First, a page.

The first generation to grow up with new technologies. Social media use is commonplace, and holiday planning is also heavily influenced by social media and peer recommendations. Unique and customised experiences are also important to this generation (OECD, 2019). Holidays need to be uniquely designed and can be quite varied and risky (Globetrender, 2017). In the future, there will be a focus on numerous platforms and digital interaction options in hotels. While the baby boomer generation values personal interaction, this generation focuses on efficiency and quick retrieval of information in real-time (Horwath & Partner).
Impact on tourism
How can you make yourself fit for the future? We have exclusive recommendations for you on how to cope with the global changes in demographics.
- Internal hotel planning: As a hotelier, you will also be increasingly affected by demographic change. Your employees are getting older, and fewer young people are joining them. Use digital concepts now and reduce your workload. With the use of smart hotel solutions, you can already save on staff and make yourself fit for the future. Also be open to new concepts, for example, you can rely on an international staff rotation with several establishments. Here, your staff rotates in different establishments at certain intervals, which leads to an efficient exchange of staff.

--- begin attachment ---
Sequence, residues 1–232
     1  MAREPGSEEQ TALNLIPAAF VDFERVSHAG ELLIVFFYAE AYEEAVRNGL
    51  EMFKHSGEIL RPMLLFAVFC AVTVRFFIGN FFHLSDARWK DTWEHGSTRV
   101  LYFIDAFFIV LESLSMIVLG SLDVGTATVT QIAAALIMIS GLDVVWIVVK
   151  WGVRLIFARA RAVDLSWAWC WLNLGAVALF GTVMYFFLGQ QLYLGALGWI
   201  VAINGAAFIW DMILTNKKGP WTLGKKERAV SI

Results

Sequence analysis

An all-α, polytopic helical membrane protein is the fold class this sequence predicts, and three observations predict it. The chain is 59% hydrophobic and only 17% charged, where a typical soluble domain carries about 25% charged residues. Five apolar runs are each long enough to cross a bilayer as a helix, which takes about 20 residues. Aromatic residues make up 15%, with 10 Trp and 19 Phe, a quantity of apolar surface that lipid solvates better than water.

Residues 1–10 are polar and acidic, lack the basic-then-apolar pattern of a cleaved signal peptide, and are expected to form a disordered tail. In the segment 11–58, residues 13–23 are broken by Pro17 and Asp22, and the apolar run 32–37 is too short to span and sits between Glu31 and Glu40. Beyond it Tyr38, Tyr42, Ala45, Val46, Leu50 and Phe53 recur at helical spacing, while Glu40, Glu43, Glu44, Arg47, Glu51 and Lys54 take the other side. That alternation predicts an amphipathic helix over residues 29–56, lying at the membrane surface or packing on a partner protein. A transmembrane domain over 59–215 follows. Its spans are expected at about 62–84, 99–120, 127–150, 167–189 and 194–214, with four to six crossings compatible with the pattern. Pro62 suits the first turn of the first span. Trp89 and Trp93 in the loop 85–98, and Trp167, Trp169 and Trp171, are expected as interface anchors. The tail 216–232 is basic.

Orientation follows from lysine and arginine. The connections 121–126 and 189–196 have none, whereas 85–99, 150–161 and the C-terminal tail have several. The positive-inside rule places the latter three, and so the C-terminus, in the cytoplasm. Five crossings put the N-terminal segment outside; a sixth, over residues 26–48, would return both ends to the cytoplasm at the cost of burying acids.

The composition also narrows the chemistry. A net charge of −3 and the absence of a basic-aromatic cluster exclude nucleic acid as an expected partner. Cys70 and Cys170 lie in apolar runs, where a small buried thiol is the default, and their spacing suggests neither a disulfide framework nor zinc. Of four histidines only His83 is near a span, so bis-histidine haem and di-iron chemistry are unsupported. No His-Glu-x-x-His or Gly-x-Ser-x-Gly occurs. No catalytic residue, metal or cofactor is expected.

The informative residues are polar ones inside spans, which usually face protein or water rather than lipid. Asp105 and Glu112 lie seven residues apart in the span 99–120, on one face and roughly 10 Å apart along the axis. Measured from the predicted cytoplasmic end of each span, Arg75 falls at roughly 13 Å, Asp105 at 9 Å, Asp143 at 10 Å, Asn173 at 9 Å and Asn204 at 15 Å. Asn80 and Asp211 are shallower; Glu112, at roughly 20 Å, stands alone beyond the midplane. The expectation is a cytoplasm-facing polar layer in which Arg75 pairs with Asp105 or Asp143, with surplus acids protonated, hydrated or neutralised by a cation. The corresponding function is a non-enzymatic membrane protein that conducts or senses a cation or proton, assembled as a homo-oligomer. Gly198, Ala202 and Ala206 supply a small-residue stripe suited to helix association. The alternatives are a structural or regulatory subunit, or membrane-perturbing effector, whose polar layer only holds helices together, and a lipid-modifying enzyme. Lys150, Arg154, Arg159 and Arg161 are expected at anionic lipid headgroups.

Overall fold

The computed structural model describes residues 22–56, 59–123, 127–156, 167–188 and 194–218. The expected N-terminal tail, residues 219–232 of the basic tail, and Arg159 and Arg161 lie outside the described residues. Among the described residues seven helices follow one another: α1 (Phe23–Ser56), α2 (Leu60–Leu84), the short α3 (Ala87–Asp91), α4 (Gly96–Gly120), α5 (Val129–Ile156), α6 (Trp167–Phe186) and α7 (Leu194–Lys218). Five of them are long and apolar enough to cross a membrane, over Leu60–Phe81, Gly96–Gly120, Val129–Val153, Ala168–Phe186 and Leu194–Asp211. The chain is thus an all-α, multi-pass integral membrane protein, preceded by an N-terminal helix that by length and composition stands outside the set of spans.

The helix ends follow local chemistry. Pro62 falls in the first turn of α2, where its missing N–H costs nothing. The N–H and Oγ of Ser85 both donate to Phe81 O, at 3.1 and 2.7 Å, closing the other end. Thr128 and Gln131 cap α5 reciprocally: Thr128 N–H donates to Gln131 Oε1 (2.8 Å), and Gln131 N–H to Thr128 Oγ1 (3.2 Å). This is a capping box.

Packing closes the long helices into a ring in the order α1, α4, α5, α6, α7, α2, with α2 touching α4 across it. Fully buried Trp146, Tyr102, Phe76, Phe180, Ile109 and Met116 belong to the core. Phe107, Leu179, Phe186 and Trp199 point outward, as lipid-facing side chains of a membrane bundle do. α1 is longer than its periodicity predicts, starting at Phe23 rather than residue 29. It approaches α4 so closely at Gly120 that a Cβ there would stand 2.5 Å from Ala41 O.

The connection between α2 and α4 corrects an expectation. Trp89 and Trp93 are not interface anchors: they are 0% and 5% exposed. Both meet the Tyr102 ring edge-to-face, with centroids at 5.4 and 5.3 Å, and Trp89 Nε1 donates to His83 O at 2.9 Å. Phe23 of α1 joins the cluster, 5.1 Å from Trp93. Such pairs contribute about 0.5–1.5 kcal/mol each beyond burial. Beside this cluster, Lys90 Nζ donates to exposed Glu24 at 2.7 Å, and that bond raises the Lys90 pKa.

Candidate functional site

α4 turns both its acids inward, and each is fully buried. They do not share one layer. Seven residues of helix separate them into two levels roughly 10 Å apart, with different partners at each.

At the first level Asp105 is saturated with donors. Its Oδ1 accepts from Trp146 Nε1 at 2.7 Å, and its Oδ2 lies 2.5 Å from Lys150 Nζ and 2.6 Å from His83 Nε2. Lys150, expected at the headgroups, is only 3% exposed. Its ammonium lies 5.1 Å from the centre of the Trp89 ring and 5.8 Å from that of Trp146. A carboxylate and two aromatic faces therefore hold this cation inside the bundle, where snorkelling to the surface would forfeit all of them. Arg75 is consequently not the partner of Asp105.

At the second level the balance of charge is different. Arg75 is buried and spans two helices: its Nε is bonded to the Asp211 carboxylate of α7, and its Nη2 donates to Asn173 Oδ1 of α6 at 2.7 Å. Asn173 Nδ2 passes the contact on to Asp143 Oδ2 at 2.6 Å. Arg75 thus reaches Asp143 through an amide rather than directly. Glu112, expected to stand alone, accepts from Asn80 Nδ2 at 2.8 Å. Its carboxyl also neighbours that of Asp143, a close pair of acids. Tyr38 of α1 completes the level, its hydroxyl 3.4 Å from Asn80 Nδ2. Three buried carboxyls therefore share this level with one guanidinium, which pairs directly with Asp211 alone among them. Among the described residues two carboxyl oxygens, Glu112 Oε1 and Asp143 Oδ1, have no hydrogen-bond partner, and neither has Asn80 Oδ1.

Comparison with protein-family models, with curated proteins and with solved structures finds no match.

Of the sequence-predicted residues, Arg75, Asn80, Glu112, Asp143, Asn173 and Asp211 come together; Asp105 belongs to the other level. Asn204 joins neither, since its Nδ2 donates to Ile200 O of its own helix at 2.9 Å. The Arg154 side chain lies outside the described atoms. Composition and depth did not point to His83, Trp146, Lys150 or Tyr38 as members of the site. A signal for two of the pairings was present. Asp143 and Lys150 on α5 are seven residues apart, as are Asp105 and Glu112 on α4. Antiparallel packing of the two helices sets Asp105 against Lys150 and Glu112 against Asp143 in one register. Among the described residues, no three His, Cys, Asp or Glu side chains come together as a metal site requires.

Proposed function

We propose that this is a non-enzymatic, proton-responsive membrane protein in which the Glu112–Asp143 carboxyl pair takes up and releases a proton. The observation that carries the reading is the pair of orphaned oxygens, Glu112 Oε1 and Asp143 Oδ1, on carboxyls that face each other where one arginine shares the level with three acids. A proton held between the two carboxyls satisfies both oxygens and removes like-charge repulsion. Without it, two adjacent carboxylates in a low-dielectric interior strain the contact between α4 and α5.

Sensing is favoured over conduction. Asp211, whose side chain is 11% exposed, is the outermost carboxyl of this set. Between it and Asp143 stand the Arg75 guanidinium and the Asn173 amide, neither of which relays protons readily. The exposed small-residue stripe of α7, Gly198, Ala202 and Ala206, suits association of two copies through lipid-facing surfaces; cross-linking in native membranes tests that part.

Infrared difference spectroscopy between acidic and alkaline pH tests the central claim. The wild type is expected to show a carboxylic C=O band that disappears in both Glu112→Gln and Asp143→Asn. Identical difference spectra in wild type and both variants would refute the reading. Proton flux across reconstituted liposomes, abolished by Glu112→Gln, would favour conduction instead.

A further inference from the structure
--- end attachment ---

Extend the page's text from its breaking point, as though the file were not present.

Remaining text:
- Barrier-free conception: You will certainly have to make some investments in the coming years. Invest now in barrier-free access to your hotel and all amenities (rooms, restaurant, wellness area). By doing so, you pave the way for the silver generation, but also for people with disabilities. The EU expects up to 39% more revenue through barrier-free overall concepts in holiday destinations (Miller, 2014).
- Tailor offers: Be aware that there are different target markets and generations with different needs, expectations and values. Each group needs its own marketing, its own concepts, its own offers and its own holiday experiences. Offer digital interaction opportunities for the younger generation or create local offers to give your guests regional insights. NeedNect Solutions helps you to get to know your guests and to create tailor-made offers for each guest.